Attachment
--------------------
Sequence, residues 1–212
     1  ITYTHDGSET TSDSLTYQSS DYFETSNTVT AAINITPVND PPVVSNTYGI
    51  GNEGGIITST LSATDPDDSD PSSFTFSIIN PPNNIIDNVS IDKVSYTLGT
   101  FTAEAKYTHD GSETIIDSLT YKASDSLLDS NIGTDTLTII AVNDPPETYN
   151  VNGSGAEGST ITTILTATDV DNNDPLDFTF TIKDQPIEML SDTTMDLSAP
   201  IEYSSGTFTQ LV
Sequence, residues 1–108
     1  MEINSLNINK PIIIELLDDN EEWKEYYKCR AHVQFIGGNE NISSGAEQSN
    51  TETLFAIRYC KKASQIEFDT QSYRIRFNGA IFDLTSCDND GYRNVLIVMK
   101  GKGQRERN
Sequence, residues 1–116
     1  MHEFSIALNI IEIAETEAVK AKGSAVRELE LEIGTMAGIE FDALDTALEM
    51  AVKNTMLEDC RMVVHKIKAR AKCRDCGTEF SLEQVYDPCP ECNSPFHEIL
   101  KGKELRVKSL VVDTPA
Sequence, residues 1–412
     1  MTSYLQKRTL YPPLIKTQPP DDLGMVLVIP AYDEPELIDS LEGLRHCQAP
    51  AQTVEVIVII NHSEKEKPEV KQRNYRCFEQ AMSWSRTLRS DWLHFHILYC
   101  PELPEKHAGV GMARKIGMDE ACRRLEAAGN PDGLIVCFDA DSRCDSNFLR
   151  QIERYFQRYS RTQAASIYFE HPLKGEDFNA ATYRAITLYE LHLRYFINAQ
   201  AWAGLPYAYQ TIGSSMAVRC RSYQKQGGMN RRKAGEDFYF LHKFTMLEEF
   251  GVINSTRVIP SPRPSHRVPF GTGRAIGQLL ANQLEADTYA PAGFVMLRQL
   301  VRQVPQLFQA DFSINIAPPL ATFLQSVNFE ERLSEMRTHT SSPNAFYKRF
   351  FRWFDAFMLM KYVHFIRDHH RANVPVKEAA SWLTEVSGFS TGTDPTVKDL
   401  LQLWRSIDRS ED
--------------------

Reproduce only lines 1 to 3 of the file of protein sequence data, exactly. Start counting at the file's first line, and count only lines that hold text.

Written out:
Sequence, residues 1–212
     1  ITYTHDGSET TSDSLTYQSS DYFETSNTVT AAINITPVND PPVVSNTYGI
    51  GNEGGIITST LSATDPDDSD PSSFTFSIIN PPNNIIDNVS IDKVSYTLGT